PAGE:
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Vaccine liability

In which a post about liability rules turns inexorably towards a rant against right-wing zealots and libertarian ideologues...

The flu vaccine shortage has called attention to the dangerous consequences of relying on a flawed system for assigning liability.

This article (via Kevin, M.D.) by William Tucker argues persuasively that the threat of lawsuits has reduced the number of firms willing to manufacture and sell vaccines. Tucker suggests that this has resulted in higher vaccine prices, vaccine shortages, and an increased chance that the available vaccines won't be effective.

Prior to 1986, liability for vaccine-caused injuries was assigned by the regular product-liability tort system. If you or your child were injured by a vaccine, you called your lawyer and sued the manufacturer. Most jurisdictions adhered to the "strict liability" doctrine that required the plaintiff to prove only that the vaccine was defective, not that the manufacturer was in any way at fault. This led to unpredictably high costs for manufacturers, many of whom simply stopped selling vaccines entirely.

In 1986, Congress tried to solve these problems by changing the liability system. It established the National Vaccine Injury Compensation Program, which set up a system whereby the federal government would compensate families injured by childhood immunizations out of a trust fund financed by a surcharge on vaccine sales (more details here). The maximum amount of compensation under this plan was fixed, however, and plaintiffs were still able to sue the manufacturers. Tucker suggests that this continued exposure of vaccine makers to liability has led to the failure of the compensation program to preserve the number of vaccine suppliers.

If Tucker is right, we might go a long way toward solving our vaccine problems by making some small changes to the legal regime. One attractive option might be to abandon the strict liability standard. Everyone who chooses to bypass the government's no-fault compensation system would have to prove that the vaccine maker was negligent, instead of merely that the vaccine was defective. This higher standard of proof might lower the number of lawsuits. Another possible solution might be to cap the size of damage awards in successful suits, or permit suits only after the government's compensation program review process determines that the injury was actually caused by the vaccine.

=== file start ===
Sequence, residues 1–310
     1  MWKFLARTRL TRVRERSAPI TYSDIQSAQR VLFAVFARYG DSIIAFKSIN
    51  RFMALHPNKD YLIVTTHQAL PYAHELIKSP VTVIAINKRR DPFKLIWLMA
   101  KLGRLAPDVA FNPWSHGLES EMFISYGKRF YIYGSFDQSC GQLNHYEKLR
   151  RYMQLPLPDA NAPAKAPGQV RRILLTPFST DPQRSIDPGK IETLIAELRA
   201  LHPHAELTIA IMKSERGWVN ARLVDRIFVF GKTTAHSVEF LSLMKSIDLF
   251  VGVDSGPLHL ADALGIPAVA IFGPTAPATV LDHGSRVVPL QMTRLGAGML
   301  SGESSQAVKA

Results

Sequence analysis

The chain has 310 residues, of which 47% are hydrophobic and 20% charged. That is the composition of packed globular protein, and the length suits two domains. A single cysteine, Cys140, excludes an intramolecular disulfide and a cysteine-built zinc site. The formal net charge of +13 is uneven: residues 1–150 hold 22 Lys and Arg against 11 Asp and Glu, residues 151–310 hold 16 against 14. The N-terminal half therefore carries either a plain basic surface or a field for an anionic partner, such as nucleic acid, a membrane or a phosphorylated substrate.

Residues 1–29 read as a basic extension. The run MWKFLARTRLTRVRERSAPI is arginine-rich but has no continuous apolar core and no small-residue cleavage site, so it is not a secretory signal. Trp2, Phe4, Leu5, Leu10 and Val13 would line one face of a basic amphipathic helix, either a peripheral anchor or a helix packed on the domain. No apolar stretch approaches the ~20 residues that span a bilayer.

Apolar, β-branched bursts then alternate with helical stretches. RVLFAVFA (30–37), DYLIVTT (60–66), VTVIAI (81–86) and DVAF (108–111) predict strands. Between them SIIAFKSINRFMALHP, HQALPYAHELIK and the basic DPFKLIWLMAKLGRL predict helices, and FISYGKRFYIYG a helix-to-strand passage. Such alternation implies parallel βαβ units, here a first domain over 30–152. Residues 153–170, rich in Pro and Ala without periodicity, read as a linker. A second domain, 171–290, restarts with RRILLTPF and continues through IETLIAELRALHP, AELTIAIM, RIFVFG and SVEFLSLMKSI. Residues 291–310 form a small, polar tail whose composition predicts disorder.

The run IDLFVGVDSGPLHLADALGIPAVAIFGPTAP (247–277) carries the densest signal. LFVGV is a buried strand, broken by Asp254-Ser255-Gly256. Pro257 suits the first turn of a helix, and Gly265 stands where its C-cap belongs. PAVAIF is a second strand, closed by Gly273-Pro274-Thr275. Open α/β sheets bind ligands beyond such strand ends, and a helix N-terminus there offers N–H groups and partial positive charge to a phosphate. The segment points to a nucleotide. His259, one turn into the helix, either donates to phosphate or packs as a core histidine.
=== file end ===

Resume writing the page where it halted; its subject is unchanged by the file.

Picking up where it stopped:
It seems like the tort liability system is actually one of the culprits behind our vaccine shortages. Admitting this should be our first step. However, this admission might itself be more dangerous than it should be, thanks to the unrelenting pressure from right-wing "tort reformers" whose goal is primarily to insulate corporations from all liability regardless of the consequences for public health. Often, these right-wing tort reformers are also in favor of reduced government regulation. They want to free corporations from responsibility both before and after they cause accidents. They say it's "good for the economy," but it's really a threat to our public health and safety.

Corporations, like individuals, should be held accountable. Unlike the right-wing tort-reform zealots, most people don't believe that this accountability can be provided entirely by the unregulated market. There are simply too many imbalances of purchasing power and information. In cases where corporations are not subject to significant tort liability, and are freed from regulatory oversight at the same time, the public becomes dependent upon the goodwill of corporate executives. Even if these people are the sweetest and most lovable individuals on Earth, in their role as corporate executives they are (should be?) under enormous pressure to maximize profits, often over the short-term. This pressure can override ethical concerns, and subject the public to harm. The corporate scandals that have stained our economy--Enron, Arthur Anderson, Tyco, MCI--happened because of the Republican ideological commitment to "small government" that "stays out of the way." This ideology might make sense as a rule of thumb for regulating individuals, but as a policy for governing gigantic multinational corporations whose structural imperative is to maximize profits over the short-term, it's a complete disaster.

In an environment where the right-wing zealots are breathing down our necks and control the White House, it doesn't seem safe to suggest that we tinker with the liability system. It's likely that any reform process will be hijacked for the benefit of the corporations and the detriment of the public. Perhaps, if the zealots lost control of the Presidency, the time might be ripe for some real progress on liability reform. Vaccines, medical malpractice. . . passenger trains. Sigh.

It's past time to replace George W. Bush.